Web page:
(1) begin to implement the recommendations contained in the strategic plan required by section 201(a)(3), among other goals, for the country;

(2) convene a working group of United States agency officials operating in the country to focus on wildlife crime, including experts in wildlife conservation, law enforcement, criminal justice, transnational organized crime, defense, intelligence, and development; and

(3) where appropriate, designate a Wildlife Anti-Trafficking Coordinator, from among existing personnel at the mission, whose role it is—

(A) to provide leadership and coordination across United States agency officials operating within that country involved in the working group and with technical, political, and other stakeholders in the government of the country and other community leaders and stakeholders in order to support the recommendations of the strategic plan required by section 201(a)(3), among other goals, to prevent wildlife crime in the country of concern;

(B) to share all relevant information about wildlife crime from the country of concern with other Wildlife Anti-Trafficking Coordinators in other missions as well as to the Task Force; and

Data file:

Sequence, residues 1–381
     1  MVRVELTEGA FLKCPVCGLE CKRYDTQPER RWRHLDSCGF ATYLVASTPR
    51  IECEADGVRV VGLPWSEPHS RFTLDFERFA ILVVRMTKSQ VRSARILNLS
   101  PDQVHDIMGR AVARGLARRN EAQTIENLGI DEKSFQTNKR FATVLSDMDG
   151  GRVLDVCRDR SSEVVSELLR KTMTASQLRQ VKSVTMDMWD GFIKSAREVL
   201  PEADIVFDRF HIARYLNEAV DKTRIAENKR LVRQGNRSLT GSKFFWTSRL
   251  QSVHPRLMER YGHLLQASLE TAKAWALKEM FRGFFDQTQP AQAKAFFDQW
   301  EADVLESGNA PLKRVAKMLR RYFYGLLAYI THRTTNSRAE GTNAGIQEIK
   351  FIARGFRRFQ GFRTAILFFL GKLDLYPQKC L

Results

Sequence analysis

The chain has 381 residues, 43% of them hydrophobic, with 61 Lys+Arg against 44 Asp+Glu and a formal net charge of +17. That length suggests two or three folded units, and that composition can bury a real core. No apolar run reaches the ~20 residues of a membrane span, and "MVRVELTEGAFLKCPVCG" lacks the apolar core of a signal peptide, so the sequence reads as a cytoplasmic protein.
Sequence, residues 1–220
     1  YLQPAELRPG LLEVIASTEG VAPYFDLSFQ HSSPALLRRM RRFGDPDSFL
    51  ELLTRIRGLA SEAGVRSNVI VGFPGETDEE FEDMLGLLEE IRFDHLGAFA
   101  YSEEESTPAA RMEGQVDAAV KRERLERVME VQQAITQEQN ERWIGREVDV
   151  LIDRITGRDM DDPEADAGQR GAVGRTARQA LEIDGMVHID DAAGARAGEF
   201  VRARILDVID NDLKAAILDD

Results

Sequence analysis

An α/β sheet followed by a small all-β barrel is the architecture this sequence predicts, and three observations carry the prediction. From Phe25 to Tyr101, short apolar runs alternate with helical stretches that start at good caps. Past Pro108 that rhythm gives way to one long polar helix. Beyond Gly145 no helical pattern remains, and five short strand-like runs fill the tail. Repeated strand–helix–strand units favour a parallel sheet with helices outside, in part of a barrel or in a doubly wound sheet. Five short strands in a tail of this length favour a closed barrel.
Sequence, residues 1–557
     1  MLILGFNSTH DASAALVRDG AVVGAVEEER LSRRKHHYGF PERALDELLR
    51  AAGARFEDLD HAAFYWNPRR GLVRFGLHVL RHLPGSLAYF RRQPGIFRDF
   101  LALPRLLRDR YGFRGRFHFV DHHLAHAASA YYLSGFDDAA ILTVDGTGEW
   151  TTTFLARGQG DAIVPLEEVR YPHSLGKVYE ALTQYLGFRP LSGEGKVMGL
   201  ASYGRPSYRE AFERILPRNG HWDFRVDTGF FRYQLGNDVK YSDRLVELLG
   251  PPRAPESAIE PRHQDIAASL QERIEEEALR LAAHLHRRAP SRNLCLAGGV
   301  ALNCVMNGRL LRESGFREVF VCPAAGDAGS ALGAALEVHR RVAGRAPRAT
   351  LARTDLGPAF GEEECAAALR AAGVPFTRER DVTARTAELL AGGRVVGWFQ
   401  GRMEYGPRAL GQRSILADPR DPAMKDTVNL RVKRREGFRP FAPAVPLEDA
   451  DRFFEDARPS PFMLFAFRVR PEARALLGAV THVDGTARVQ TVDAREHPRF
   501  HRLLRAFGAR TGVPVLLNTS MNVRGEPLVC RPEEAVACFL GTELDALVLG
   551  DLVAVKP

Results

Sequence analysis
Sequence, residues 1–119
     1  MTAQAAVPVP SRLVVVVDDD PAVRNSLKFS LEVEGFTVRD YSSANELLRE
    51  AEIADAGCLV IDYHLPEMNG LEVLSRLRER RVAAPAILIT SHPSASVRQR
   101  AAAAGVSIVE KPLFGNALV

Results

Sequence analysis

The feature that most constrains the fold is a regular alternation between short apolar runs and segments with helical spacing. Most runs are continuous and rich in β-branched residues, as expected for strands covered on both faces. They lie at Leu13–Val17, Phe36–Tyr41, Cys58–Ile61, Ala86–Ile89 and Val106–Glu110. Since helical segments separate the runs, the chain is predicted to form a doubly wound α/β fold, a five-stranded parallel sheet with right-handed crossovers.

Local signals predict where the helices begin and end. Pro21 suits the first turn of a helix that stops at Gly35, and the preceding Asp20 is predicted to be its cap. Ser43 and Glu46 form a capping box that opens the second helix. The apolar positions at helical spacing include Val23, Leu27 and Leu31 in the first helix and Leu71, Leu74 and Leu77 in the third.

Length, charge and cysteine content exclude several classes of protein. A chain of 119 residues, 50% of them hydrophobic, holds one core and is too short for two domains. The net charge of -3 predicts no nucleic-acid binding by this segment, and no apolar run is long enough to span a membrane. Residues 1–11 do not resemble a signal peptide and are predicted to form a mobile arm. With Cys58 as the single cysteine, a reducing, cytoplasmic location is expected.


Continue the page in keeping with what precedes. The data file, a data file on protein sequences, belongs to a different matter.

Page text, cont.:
(C) to identify and engage with nongovernmental partners working in the country on these issues to support efforts described in subparagraphs (A) and (B), including donor partners, conservation organizations, and the private sector.

SEC. 305. International cooperation and global partnerships.

The Secretary of State and the Administrator for the United States Agency for International Development, in collaboration with the heads of other relevant United States agencies, may take action to strengthen international cooperation and partnerships to combat the global wildlife crime crisis, including through—

(1) strengthening and advancing the implementation of international agreements and other arrangements that protect wildlife;